Cancer doesn’t stop. From Chicago the answers for the post Covid


The curtain closes on the first virtual edition of the most important oncology congress in the world, that of the American Society of Clinical Oncology (Asco). The Covid-19 emergency has transformed the convention center which hosts tens of thousands of doctors and health professionals every year into a hospital, but it has not stopped the research and determination of the international community of oncologists who meet every year at the McCormick Center in discuss the future of the fight against cancer, as pointed out Howard A. “Skip” Burris III, outgoing president of the Company. “When I chose the theme for the conference months ago -” Unite and Conquer: Accelerating Progress Together “- I never thought the meaning could be so different today,” said the president during the Opening Lecture on Saturday. “Today the need to be united and accelerate progress together is even more urgent and evident. “Our interview starts right here.President Burris, can the pandemic be a setback for clinical research?
“We are very concerned about the impact that the epidemic has had on cancer research: we conducted a survey that revealed that 60% of research programs had to stop screening or enrolling in some clinical trials and that patients involved in the studies are less likely or more difficult to contact the staff for help. Obviously our first concern is to preserve the safety and health of patients; a difficult task given the limited evidence that we still have on the impact that Covid-19 has on cancer patients, limited notions that do not allow us to give specific guidelines on treatment and management of patients “.

However, Asco has published recommendations in recent months, what is it?
“When the new coronavirus was proclaimed a pandemic, we publicly acknowledged the absence of the data needed to make decisions based on the evidence. As a result, we asked our Ethics Committee to develop new recommendations, published in the Journal of Clinical Oncology, on the basis of which we can make difficult decisions about the allocation of resources during the pandemic. “The pandemic is still running its course and we are likely to witness a new wave in the fall. How can we protect cancer patients?
“For cancer patients, the impact of Covid-19 has been particularly severe, regardless of whether they have come into contact with the virus. They are typically elderly, often with other diseases, and their immune systems are weakened by the disease or several treatments they undergo. The best protective measure for these people is not to meet the virus: staying at home, avoiding unnecessary travel, washing your hands often and not having contact with those who are infected are the prevention measures. Unfortunately the pandemic has many oncologists have been forced to delay or modify treatment plans to reduce the risk of patient infection and we do not know what impact these changes will have on patients. We are also very concerned about the delays in screening and diagnosis that we have recorded in recent months that could increase the risks of diagnosing the disease already at an advanced stage or of recurrence “.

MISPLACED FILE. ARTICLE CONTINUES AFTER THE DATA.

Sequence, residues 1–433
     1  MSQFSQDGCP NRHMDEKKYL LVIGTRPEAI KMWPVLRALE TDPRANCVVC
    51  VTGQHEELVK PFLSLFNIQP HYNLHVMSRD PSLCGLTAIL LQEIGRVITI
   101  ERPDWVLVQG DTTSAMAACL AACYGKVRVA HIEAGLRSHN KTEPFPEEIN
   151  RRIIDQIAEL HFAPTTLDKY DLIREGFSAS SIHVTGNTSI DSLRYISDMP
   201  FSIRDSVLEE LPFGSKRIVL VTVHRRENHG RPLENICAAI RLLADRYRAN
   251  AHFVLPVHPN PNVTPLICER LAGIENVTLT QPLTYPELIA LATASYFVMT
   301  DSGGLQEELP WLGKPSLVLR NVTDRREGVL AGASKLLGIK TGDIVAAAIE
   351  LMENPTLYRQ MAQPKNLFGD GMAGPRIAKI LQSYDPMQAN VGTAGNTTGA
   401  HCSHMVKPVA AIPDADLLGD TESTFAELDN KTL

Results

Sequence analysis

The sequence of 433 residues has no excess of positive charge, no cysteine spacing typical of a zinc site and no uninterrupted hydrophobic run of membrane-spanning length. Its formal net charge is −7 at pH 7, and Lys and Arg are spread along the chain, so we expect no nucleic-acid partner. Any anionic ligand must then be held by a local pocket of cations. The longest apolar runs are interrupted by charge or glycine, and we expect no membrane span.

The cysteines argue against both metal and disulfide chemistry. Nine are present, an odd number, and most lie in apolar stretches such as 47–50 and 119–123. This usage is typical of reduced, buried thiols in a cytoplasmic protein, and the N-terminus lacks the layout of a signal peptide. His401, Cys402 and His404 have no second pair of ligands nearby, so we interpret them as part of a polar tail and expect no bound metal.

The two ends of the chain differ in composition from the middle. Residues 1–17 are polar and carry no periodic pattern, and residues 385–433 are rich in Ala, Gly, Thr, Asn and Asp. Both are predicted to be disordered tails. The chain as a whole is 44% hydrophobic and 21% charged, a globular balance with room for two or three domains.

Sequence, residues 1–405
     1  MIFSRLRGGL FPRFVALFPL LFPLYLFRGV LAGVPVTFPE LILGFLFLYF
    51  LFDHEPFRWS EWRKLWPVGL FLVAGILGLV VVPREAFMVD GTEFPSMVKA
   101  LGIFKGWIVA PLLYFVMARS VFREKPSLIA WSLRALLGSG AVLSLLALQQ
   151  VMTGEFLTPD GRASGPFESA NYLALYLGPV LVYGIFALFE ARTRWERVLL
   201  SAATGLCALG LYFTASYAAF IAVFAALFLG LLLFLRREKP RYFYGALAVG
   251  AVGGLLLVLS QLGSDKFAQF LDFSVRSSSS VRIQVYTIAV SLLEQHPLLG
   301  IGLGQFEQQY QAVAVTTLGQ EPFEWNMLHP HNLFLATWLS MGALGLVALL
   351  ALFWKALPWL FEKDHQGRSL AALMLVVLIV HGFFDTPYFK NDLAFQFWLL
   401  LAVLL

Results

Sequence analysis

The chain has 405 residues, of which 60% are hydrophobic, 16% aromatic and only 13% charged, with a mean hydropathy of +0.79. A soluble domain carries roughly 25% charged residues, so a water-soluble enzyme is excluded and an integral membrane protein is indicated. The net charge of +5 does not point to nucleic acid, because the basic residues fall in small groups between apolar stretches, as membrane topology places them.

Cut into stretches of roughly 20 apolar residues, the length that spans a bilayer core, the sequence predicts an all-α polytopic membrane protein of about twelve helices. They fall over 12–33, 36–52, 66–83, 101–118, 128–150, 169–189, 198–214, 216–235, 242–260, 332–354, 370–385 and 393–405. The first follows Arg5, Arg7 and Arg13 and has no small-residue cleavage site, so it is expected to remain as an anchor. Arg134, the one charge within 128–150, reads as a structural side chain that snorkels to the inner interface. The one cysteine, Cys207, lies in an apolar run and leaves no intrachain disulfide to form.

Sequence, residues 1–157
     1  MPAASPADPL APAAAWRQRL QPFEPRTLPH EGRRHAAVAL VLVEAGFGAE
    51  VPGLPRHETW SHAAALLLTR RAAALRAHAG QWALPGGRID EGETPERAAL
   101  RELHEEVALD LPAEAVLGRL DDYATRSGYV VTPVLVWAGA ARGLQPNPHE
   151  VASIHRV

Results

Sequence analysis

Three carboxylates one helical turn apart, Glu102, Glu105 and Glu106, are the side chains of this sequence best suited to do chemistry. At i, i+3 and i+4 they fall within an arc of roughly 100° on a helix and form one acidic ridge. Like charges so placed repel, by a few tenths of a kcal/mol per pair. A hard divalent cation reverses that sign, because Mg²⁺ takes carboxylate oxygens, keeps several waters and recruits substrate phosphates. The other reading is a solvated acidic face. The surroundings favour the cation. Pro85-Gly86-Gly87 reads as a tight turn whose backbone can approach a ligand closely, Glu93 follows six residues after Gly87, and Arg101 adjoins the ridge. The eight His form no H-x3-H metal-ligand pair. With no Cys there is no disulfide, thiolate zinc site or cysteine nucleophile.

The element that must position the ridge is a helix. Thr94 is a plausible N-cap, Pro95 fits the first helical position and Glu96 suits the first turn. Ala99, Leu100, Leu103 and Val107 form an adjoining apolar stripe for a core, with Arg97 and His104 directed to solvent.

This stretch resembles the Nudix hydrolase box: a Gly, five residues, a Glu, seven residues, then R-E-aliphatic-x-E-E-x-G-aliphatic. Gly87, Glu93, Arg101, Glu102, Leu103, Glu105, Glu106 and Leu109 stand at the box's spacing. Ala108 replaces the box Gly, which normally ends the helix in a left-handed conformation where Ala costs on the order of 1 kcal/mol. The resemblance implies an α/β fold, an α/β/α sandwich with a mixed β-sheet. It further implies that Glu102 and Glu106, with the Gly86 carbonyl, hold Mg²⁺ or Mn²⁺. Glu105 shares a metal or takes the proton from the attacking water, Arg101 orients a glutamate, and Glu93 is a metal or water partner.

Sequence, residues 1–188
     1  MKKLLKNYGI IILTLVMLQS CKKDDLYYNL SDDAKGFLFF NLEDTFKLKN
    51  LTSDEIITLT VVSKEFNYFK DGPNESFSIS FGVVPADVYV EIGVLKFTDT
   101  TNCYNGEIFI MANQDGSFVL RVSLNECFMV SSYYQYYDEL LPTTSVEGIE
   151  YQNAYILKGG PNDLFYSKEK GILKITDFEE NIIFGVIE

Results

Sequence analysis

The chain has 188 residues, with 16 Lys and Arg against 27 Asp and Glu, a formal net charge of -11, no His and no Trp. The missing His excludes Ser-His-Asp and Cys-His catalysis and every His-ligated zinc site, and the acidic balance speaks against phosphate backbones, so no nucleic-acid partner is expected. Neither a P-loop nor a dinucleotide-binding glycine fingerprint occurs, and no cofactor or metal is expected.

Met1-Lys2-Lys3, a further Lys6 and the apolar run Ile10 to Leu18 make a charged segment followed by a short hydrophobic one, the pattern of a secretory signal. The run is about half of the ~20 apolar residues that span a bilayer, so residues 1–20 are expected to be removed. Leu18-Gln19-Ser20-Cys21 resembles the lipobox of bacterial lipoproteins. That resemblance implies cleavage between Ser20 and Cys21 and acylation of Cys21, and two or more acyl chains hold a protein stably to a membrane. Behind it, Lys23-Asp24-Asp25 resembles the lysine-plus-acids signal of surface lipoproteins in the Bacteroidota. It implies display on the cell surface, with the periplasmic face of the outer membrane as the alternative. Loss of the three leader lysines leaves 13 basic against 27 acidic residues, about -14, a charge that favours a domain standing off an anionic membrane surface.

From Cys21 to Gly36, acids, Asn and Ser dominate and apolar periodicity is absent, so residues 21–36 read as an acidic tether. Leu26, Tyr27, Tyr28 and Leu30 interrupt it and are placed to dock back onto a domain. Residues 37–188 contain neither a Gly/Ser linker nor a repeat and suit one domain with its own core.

Uncertainties that research can help solve. A very active research, as demonstrated by the more than 2200 presentations recorded at the congress despite the online mode. What were the main news on the clinical practice front?
“The mission of ASCO is more important today than ever, which is why we have not stopped and we have decided to communicate the main innovations in cancer research worldwide oncology community in a virtual format. The main innovations on the treatment front concern immunotherapy and target therapy in lung, colorectal, ovarian and bladder cancers. We then brought important data on access to care and the impact of Covid-19 on cancer patients. too early to change treatments on the basis of these data, the studies presented give us fundamental indications on the risk factors for our patients and indicate the need to continue with the research. A study then showed that video conferences between patients and caregivers, especially in a period like the one we are experiencing, are a useful tool for alleviating anxiety and stress.
As regards lung cancer, on the one hand it has been shown that in patients who have a specific mutation and suffer from non-small cell tumor, the targeted therapy used after surgery increases disease-free time; on the other, a new study has shown that quitting smoking always gives an advantage even when you decide to do it a few months before receiving a lung cancer diagnosis. ”

Immunotherapy and target therapy are the great promises – in part already a reality – of the oncology of the future. Should alternative approaches be considered or can they be combined?
“Immunotherapy and target therapies can already be combined today in specific settings and for some types of cancer, for example in kidney cancer. However, research and clinical studies are still needed to understand if it is better to combine rather than to administer these two sequentially drug classes, as well as understanding which doses and modalities are most effective. ”

What prospects does the agnostic approach open? For which tumors can we think of finding therapies in this way?
“The agnostic approach will soon become the standard in oncology. The identification of some mutations – among others NTrk, Ros, Ret, Alk, Kras – will increasingly guide the therapeutic choice. Starting from metastatic, recurrent or recurrent cancers for which is increasingly possible to have the molecular profile “.

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